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Think James Bond, only throw out parkour in favor of carpet bombing and gadgets for gunplay. That's Treyarch's fictional take on the Cold War with Black Ops as it drops players into the shadows around the world to fight the Soviets.
It also has a lot of expectations to live up to following Modern Warfare 2. Taking the player through the fractured memories of its main protagonist and keeping the story cohesive enough to follow have paid off with one of the more compelling reasons to dive into its sadly single-player only campaign. While ignoring it in favor for its multiplayer is the only reason many will be chucking their wallets at this game, it's also packed with moments of brilliance – if not controversy – for the secret history it writes.
Multiplayer, especially, has gone through a few changes and depending on how much you love Modern Warfare, may be either the most refreshing part of the game or fulfill your expectations on why Treyarch should never have handled it. On the whole, though, I couldn't help but keep jumping back into both the single and multiplayer parts of the game for more Cold War hijinks involving high explosives, ruthless Soviet generals, and mind game conspiracy theories.
But as much as I like it, it's not perfect. So here's another list of ten reasons why I found myself loving and hating this game.
Five Reasons to Hate Black Ops
1) Linear Levels
Whether they're disguised by furniture clutter or parallel corridors, let's face it: Black Ops typifies the kind of FPS design that is becoming something of an epidemic in this generation. Gone are the wide open spaces of yesteryear. Though counter-arguments will say that it's to support the narrative, playing through many of its levels, scripted door kick downs, clown car spawns, and locked doors still feels a lot like being funneled to the inevitable cut scene. Kind of like this:
2) Glitchy Campaign
Though your AI friends are smarter this time around, don't be surprised to see them ignore certain enemies when they forge ahead leaving you in the dog house. Or the occasional enemy spawn from behind after killing everything in your wake. Soviet super science? In one area, a mission marker was also misplaced leading me to believe that I should stay in one place and carpet the field with bodies until I decided to venture out and run around like a madman before stumbling on the correct side of the battlefield.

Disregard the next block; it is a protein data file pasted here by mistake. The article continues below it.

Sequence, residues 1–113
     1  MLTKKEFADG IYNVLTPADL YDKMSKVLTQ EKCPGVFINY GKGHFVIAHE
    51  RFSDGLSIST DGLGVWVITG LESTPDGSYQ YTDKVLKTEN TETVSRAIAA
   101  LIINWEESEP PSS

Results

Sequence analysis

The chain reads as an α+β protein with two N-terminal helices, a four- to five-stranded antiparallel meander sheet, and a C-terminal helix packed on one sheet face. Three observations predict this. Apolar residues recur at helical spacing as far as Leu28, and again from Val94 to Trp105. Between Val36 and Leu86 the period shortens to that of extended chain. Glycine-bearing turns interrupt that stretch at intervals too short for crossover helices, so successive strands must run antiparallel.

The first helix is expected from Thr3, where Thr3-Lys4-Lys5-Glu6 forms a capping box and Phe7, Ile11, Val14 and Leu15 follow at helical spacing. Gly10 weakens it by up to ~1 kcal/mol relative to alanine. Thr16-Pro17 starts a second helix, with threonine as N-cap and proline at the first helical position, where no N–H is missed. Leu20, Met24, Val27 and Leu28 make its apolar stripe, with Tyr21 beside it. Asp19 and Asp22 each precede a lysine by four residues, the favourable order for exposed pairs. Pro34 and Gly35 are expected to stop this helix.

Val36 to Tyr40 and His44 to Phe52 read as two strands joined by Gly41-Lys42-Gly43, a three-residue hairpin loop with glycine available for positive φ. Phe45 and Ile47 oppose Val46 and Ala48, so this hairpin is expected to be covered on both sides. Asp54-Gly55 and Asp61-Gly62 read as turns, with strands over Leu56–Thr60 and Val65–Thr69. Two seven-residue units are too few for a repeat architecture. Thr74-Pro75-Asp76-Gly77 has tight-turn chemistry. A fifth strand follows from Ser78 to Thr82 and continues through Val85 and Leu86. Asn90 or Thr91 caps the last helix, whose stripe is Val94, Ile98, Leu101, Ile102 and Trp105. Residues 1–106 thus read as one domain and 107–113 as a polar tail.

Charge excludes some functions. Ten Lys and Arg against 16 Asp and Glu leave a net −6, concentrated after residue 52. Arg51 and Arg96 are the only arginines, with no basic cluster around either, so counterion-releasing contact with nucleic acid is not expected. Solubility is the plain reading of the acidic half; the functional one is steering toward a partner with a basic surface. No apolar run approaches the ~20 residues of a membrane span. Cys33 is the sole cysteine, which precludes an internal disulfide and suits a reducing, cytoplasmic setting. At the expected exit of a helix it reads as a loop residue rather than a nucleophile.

3) Glitchy Graphics
We've all seen textures blur before our eyes before resolving into sharper blood spatters or panels covered in buttons, but it's a lot more pronounced in Black Ops. Respawning after a checkpoint on one map introduced me to Wii-fidelity textures for a few moments before I turned my head and looked at something else, seemingly kickstarting the engine to realize that I was playing it on an Xbox 360. At least the blood looks a little less like jam this time around, though not all of the areas look as good as some of the later ones.
4) Multiplayer: It's not Modern Warfare 3
Stealing someone's kit upon dying is gone along with nukes and certain choice perks, like Juggernaut. Modes are still locked down until you reach certain levels limiting the options to new players and it does have a few glitches such as suddenly opening up comms to everyone in the lobby. Then there's when it simply dumps you out into an empty one when it fails to connect to a game – after loading it. Though these are likely growing pains on release, some of the gameplay and weapon changes won't make every MW2 fall immediately in love with Black Ops. Fans of Special Ops mode will also find that Treyarch hasn't given them any love here, either.
Forget the Berlin Wall, this is how it was meant to be – at least for everyone else not on a PC, apparently
Even though I have the Xbox 360 version, I also have a PC and wanted to read up on how that version is doing and whether Treyarch have lived up to their promises for it. But from what I've read, it seems to be a lag-tastic fest that has made it unplayable for quite a few outspoken posters on various forums. Youtube even has a few captures to prove their point and even though a patch has been released that has eased some of the issues, not everyone is singing its praises quite yet.
I remember playing COD 2 and the hours spent in 32 – (modded) 50 player matches without so much as the kind of online hitches that the newer games seem to be struggling with. On one hand, I feel a sense of relief that I picked the version with what appears to be least amount of problems. I also wish I did the same before picking up the PC version of Wolfenstein.
On the other, it shouldn't have to be this way. Period. Not when other games ranging from Crysis, Bioshock 2, to Team Fortress 2 apparently pull it off without as much drama.
5) Fewer co-op opportunities
After their co-op work with World at War, it's dropped here for reasons that have to do with how they want to tell the story. The loss of Special Ops and the co-op it came with only added more salt to the wound. It's something of a missed opportunity to improve on something that more than a few co-op fans liked, especially in view of what titles such as Splinter Cell: Conviction had done in providing players with a wholly separate story to team up on when the main campaign didn't accommodate partners.